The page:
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DishnetDSL promises superior Internet accessnews
DishnetDSL promises superior Internet access
26 January 2000

DishnetDSL Ltd, an enterprise of the Chennai (South India)-based Sterling Group of companies, has just launched its Digital Subscriber Line (DSL) service in India, the first such service in the country for Internet access. Its first DSL site, already up at the Grand Paradi residential complex at Kemps Corner, a prime location in south Mumbai, was used as the example to showcase its new service.

This technology, says the company, has three big advantages over other remote access technologies such as analog modems or wireless solutions for Internet access: it is 140 times faster, it provides highly secure and  'always on' access over dedicated phone lines, and it eliminates telephone charges from the total cost of connecting to the Internet. The normal dial-up, where the user has to make a call to the ISP through telephone lines, includes a hidden cost of Rs 24 per hour of telephone charges. As opposed to this, the DSL technology allows a 24 hour access to the internet without the need to dial up to the ISP. In addition to these advantages, the
DSL subscriber can also access specialised content developed specifically for high-speed Internet connections at a fraction of the cost.

This is how DSL works: it is a broadband communication technology designed for use on regular telephone lines. It delivers high-speed data transmission, broadcast quality video, video conferencing, without interrupting normal telephone service. It enables simultaneous data communication over the phone line by splitting the line into two frequency ranges. Frequencies below 4kHz are reserved for voice, and the range above that is used for data 

Infrastructurally, DishnetDSL's project site works with a network operations centre (NOC), which is connected via a leased line to its DSLAM (Digital Subscriber Line Access Multiplexer) control room from where the connections are distributed. DSLAM is a remote station connecting to a modem at the subscriber's end and at the other end, through the leased line, back to the MTNL telephone exchange. (MTNL is the basic services provider in the city of Mumbai)

"All we need from MTNL is a copper wire to link to homes," said S. Ravindran, , vice president, DSL marketing & implementation, DishnetDSL,  at a press conference held in Mumbai on January 12, for the launch of the service. The modem, a really small unit compared to the analog modems currently in use in India, is being given away to its subscribers by the company at no extra cost.

DishnetDSL has the licence to offer nationwide Internet services for 10 years, starting December 23, 1998. It has already commenced its ISP services through its NOCs in Mumbai, Delhi, Bangalore, Pune and Chennai. Its services are also available through its Point of Presence (PoP) at Coimbatore, Nagpur, Nasik, Baramati, Salem, Erode, Akola, Chingalpet, Pollachi and Mettupalayam. These PoPs are serviced by the nearest NOC. The company has permission to offer 128 MB bandwidth in its DSL services. It is targeting for 34 MB consumption in Mumbai, Delhi and Chennai.

At the press conference, Mr Ravindran, said, "DSL eliminates the frustration of using a traditional dial-up modem, enabling users to exploit the potential of the Internet to the fullest. For instance, BBC's news footage can be clearly viewed in real-time, even while you're downloading e-mails and running other PC applications."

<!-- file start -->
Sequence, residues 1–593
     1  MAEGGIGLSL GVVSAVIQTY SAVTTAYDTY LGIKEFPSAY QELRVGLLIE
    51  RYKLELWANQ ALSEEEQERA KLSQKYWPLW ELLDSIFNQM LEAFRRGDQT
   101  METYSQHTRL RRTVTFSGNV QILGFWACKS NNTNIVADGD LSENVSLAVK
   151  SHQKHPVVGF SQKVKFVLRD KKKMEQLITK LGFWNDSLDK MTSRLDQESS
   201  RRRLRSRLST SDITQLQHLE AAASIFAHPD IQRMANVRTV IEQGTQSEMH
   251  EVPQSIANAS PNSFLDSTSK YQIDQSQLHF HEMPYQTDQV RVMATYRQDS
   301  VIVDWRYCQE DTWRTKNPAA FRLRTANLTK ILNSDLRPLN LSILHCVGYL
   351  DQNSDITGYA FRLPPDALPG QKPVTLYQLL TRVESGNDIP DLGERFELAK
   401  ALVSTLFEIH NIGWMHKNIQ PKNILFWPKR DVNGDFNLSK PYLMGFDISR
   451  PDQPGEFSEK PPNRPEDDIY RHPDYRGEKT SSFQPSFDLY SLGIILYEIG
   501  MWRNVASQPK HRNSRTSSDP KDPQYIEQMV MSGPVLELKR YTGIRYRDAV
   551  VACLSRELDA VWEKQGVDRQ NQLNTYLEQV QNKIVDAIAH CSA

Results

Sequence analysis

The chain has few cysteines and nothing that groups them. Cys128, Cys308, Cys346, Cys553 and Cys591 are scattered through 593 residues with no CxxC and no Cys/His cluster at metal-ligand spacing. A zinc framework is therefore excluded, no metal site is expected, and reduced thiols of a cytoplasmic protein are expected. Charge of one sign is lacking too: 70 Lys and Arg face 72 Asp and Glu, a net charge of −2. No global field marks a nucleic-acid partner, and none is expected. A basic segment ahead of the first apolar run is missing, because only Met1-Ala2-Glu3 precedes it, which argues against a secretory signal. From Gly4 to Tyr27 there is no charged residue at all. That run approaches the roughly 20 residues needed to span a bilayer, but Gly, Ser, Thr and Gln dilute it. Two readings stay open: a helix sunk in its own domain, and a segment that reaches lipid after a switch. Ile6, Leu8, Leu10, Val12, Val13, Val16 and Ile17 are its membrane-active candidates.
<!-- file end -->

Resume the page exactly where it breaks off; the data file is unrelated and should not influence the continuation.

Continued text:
DishnetDSL is targeting multi-dwelling home units as well as offices for its service, which offers speeds of upto 1.5 Mbps. Different grades of service will be offered depending on the home or office subscriber. The only thing is, to make its service economically viable for the company to set up the necessary infrastructure, clusters of subscribers will be required. "We are ideally looking for clusters of 96," said Mr Ravindran. However, Gaurav Asthana, general manager at DishnetDSL, clarified that for the company to
break even per site, 32 subscribers would be all right. Infrastructural cost per port, said Mr Ravindran, would be about Rs 30,000.

For unlimited access to the Internet to the upper limit of one GB per month, the subscriber charge is Rs 1,995 for the month. One-time set-up charges are Rs 29,970 for individual/home subscribers and Rs 49,950 for corporates, as the service requirements by both segments vary. The company's convinced that the charges are reasonable, at par with charges in the US, where DSL is in use. Other countries using DSL include several in Europe, Japan and

P.R. Eknath, the company's chief technology officer, said, "Video works exceptionally well on DSL, depending on the speed of your connection. Most movie trailers and high-bandwidth videos are designed for 80-128 Kbps speed. These are well within the capacity of DSL, which is up to 12 times faster than 128 Kbps."

Mr Ravindran added, "New millennium lifestyle calls for bandwidth. We are offering telecom standards reliability at 99.99 per cent." In order to tap the market for clusters, "we advertise, see responses from geographical locations and respond accordingly," he said.  For DishnetDSL, the total project cost would be Rs 400 crore. To create the most advanced and scalable Infrastructure in India, it has tied up for technology support with Microsoft, Compaq, Dell, Cisco, Ericsson, Intel, C-DAC, CheckPoint and Computer Associates.
The company is expecting a good response to its DS
L services and over the next six months, expects to expand its presence to cover 52 cities across India.

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DishnetDSL promises superior Internet access